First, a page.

He reckons that this is one of the main reasons why advertising spend is higher for less reach and provides solutions for this challenge.
Savage, one of the founders of One Inch Punch and CEO of The Eye Radio, says that in the Internet age, social relevance is everything.
Widely known as a former DJ on 5FM, he is also a filmmaker, musician, content producer, music producer, film director, composer, entrepreneur, writer and an award-winning content strategist.
“Social relevance is a pain point for a lot of brands, as it is not a natural part of their DNA and it has never been necessary in the past, when they could force brand messages on to the public just by increasing ad spend.
“In order to unlock genuine engagement in the digital space as well as to powerfully increase your ROI, one needs to understand brand relevance deeply. The more socially relevant you are, the more social power (and ultimately reach) you get. If you are telling people how good your brand is on social media all day, you can be sure that nobody is listening, despite what Facebook’s paid boost analytics are showing you,” he explains.
Unlocking a brand’s social relevance is, therefore, the key to brand loyalty and cost reduction, as well as the key to longevity in the current marketing arena.
Savage’s core focus and forte in the content strategy include, among others, digital video content strategies as a high-performing leader in advertising.
“My passion is shaping brand purpose in a way that can be translated into the digital space so that it is easy for the consumer to understand, and that can generate genuine interest in the brand. The success that I’ve had comes from focussing on bridging the very wide gap between marketing and content creation in the form of brand integration,” he says.
Furthermore, Savage is also integrally involved in content performance and engagement across the board. He emphasises that there is a significant divide between corporate boardrooms and understanding the audience(s) to whom they are trying to communicate.
“When you are a content creator, your lifeblood depends on your work getting traction in the real world and this is an important skill that advertisers are still figuring out,” he says.
One Inch Punch’s goal is to assist South Africa to move forward and become a global powerhouse through creating global social relevance in African content in collaboration with great brands. They agency is deeply involved in projects that serve artists, musicians, fashion designers, DJ’s, photographers and writers, among others. It enables brands to access culture.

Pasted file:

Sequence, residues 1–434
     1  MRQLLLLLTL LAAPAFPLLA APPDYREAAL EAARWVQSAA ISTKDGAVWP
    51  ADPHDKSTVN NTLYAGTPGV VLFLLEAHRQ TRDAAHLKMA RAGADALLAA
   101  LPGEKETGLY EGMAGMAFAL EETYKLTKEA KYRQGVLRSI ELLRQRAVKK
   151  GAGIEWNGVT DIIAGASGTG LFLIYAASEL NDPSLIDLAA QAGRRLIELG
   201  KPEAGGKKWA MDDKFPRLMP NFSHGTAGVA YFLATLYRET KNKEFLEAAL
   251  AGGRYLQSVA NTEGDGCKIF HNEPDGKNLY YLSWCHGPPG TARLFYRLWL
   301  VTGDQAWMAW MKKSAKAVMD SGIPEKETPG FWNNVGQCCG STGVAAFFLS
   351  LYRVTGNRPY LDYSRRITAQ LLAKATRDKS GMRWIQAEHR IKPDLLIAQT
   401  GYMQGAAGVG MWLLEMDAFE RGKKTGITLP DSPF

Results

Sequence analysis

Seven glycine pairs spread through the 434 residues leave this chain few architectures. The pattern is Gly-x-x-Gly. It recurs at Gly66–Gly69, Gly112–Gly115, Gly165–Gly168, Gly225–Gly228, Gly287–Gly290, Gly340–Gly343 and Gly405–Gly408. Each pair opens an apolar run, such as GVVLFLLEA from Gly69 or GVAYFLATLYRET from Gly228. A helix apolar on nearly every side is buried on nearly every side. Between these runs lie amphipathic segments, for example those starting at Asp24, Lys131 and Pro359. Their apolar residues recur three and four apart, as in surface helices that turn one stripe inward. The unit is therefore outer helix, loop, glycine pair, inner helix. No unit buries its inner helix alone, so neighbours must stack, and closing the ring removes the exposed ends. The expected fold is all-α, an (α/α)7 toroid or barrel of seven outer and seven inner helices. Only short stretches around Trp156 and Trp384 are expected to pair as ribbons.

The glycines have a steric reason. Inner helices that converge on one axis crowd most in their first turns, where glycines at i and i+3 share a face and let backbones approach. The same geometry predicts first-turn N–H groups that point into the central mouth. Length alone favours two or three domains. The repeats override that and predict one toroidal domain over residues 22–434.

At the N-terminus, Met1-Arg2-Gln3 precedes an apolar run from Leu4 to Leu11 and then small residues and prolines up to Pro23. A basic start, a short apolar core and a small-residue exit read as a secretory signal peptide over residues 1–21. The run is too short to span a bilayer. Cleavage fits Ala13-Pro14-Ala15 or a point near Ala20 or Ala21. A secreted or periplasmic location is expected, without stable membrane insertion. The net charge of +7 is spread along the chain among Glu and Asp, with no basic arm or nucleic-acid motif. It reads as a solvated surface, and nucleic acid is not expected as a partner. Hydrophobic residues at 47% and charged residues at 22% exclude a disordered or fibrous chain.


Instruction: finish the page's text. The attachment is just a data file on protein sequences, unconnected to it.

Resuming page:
Commenting on the current SA marketing industry, Savage states boldly: “It’s taking a long time for brands to come around. They are understandably fearful and I believe there to be a lot of specialists in the digital space who aren’t making things any easier by continuing as if it’s business as usual. It’s not. It’s tough. To be in the digital space you have to constantly innovate and most importantly, test and respond to the analytics that are coming back. If you ignore what your audience is saying and continue to try and force your message outwards, you are literally ignoring your potential customer base and wasting your money.
“It’s scary for brands to spend money in the digital space because they have to be willing to take some risks. The alternative is far worse, for example, the perpetual boosting of Facebook ads, as they are getting more expensive for a whole lot less reach – they are having almost no impact, apart from delivering meaningless stats to justify the spend. But they feel safer doing it than aggressively experimenting with content. Some strong brands are starting to make a move, but many are waiting until the last possible minute to adapt, which is dangerous when social relevance is so competitive as you have to establish your position early – it’s not a problem you can just throw money at. It takes time to establish social relevance; not money.”
He concludes that social relevance and consistency are worth their weight in gold in the digital space. “You can spend all the money in your budget on reach, but if the message doesn’t resonate, your audience will ignore it – whether you want to believe that depends on how much money you are willing to throw away,” he says.